Tuesday, May 17, 2011

Expensive Gas and Bla Bla Bla

With the industrialized world disappearing in its own fat rolls and gas prices in this country skyrocketing to half of what other developed nations have been paying for years (heaven forbid!), the US Department of Transportation's Two Mile Challenge is promoting the use of your own two feet, public transportation or bicycles for trips less than two miles. The DOT cites the benefits for your wallet, the environment and your health if you leave the car parked and find one of the better ways to get around on short errands.

It all sounds great, but no one wants to be this kid:

http://youtu.be/tF9Ky6EYCZM

His miraculous escape from death has been featured on Good Morning America and other news outlets. So maybe you DO want to be that kid, since he came out with a few bumps and scrapes instead of being completely mashed and scrambled by his impact with a speeding car. However, the dramatic crash reinforces what's in many people's minds when they think of going onto the street in anything less than a Humvee.

The lad in Colorado made the classic little kid move, dashing headlong into the path of a moving car. As a kid I was told to avoid that very mistake. Later, as a young driver I was told to look out for kids making exactly that mistake. The driver who was clearly going sociopathically fast on a residential street should have been going more slowly and certainly should have stopped after peening the kid. But then, if you're someone who drives selfishly, self preservation is your first reflex. Get the hell out of sight and hope to avoid the consequences. Maybe guilt will inspire later good works. We may never know.

Even in the cute little town of Wolfeboro there are streets I prefer not to ride. People under the influence of horsepower have such a sense of entitlement that they feel they're doing you a favor if they miss you at all, let alone slow down and give you a reasonable amount of space. There is no worst class of offender. Drivers of large commercial vehicles are scarier when they get aggressive, but they seem no more prone to aggression than drivers in pickup trucks, sporty sports in sporty cars, texting teens, busy entrepreneurs driving their offices and the host of other scurrying hardshell crabs one might encounter as a soft shrimp sharing the rushing current with them.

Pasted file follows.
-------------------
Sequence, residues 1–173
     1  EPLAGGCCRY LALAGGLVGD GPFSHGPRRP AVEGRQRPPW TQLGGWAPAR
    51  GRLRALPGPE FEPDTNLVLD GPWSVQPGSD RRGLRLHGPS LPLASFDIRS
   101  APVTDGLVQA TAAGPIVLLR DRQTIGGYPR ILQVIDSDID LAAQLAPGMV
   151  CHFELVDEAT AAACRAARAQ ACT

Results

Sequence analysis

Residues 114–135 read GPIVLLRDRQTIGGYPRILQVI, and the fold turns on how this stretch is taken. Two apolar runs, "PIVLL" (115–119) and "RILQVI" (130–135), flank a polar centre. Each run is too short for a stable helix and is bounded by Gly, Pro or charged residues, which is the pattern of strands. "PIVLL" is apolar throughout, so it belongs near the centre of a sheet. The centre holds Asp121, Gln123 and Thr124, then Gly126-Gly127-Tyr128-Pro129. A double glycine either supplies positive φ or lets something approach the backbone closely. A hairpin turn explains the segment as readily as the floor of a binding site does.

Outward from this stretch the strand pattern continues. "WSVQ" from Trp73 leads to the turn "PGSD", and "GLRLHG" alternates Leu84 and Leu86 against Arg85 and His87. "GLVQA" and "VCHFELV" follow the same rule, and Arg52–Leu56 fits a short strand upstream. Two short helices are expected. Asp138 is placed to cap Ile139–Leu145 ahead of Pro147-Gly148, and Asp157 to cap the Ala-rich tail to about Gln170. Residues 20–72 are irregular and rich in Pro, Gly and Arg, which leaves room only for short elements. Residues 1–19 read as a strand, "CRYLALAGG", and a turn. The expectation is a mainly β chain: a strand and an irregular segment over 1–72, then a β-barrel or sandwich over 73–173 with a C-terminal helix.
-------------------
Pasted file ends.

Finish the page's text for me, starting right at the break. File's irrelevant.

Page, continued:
The fact remains that high(ish) gas prices will have a little influence on a few people, but most drivers will simply bitch and pay. They might look upon the cyclists with a little more understanding for a while, but the ranks of cyclists will shrink back as the newcomers have to deal with the harsh realities of a life unshelled. I wish it would work out differently. All we can do is keep talking it up and keep setting the example. But just as few people actually volunteer for hazardous but commendable duties while praising those who do, so do they perhaps admire our pluck and appreciate the parking spaces we leave for them, while most of them view cycling as unacceptably dangerous and inconvenient.

Maybe the many arguments in favor of expanded use of human-powered transportation will actually prevail before civilization collapses under its own unsupportable weight. History shows no example of any culture in our species that did avoid galloping into a disaster, but past performance does not guarantee future results. It only provides strong indicators. Throughout the millennia, it's been the pushy bastards who dominate the gene pool for better or for worse. The grabby, greedy, guzzling, short-sighted hordes of thugs whose might makes right force the course of events into a series of crash landings. These have steadily led to increasing standards of living in some parts of the world, so the method is viewed as prevailing wisdom. It's really just making the best of things as we blunder into them.

2 comments:

Steve A said...

I've found a cure for expensive gas. I simply arrange for my driving trips to all fall shortly after another family member has had to fill up.

cafiend said...

Good one.